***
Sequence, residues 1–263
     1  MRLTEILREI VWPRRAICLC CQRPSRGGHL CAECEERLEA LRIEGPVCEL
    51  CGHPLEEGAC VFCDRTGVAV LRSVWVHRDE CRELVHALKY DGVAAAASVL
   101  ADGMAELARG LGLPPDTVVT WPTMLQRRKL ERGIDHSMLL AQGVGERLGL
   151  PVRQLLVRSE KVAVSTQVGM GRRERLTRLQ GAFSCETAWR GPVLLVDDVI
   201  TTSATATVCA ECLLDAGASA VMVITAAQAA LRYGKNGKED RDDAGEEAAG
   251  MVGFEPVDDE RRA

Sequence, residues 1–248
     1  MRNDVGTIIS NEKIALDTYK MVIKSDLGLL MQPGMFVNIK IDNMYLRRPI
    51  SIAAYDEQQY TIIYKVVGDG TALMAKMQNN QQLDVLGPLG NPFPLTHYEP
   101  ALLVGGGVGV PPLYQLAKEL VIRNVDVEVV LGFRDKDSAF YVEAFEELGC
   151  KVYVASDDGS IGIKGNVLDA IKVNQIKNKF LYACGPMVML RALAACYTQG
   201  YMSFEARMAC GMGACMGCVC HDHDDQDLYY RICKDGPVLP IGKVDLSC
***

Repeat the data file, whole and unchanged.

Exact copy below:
Sequence, residues 1–263
     1  MRLTEILREI VWPRRAICLC CQRPSRGGHL CAECEERLEA LRIEGPVCEL
    51  CGHPLEEGAC VFCDRTGVAV LRSVWVHRDE CRELVHALKY DGVAAAASVL
   101  ADGMAELARG LGLPPDTVVT WPTMLQRRKL ERGIDHSMLL AQGVGERLGL
   151  PVRQLLVRSE KVAVSTQVGM GRRERLTRLQ GAFSCETAWR GPVLLVDDVI
   201  TTSATATVCA ECLLDAGASA VMVITAAQAA LRYGKNGKED RDDAGEEAAG
   251  MVGFEPVDDE RRA

Sequence, residues 1–248
     1  MRNDVGTIIS NEKIALDTYK MVIKSDLGLL MQPGMFVNIK IDNMYLRRPI
    51  SIAAYDEQQY TIIYKVVGDG TALMAKMQNN QQLDVLGPLG NPFPLTHYEP
   101  ALLVGGGVGV PPLYQLAKEL VIRNVDVEVV LGFRDKDSAF YVEAFEELGC
   151  KVYVASDDGS IGIKGNVLDA IKVNQIKNKF LYACGPMVML RALAACYTQG
   201  YMSFEARMAC GMGACMGCVC HDHDDQDLYY RICKDGPVLP IGKVDLSC